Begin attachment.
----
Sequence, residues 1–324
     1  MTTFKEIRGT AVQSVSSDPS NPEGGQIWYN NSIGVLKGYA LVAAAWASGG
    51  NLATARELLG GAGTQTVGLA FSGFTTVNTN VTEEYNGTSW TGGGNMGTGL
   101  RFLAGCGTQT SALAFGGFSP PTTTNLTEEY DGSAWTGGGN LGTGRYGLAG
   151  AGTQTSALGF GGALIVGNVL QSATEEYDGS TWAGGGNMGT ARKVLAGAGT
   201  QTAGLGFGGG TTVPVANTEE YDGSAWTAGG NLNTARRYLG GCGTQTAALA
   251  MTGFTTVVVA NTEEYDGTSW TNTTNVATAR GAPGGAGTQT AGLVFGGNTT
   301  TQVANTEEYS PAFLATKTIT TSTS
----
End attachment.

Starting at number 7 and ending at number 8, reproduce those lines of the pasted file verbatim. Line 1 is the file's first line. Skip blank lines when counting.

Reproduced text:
   251  MTGFTTVVVA NTEEYDGTSW TNTTNVATAR GAPGGAGTQT AGLVFGGNTT
   301  TQVANTEEYS PAFLATKTIT TSTS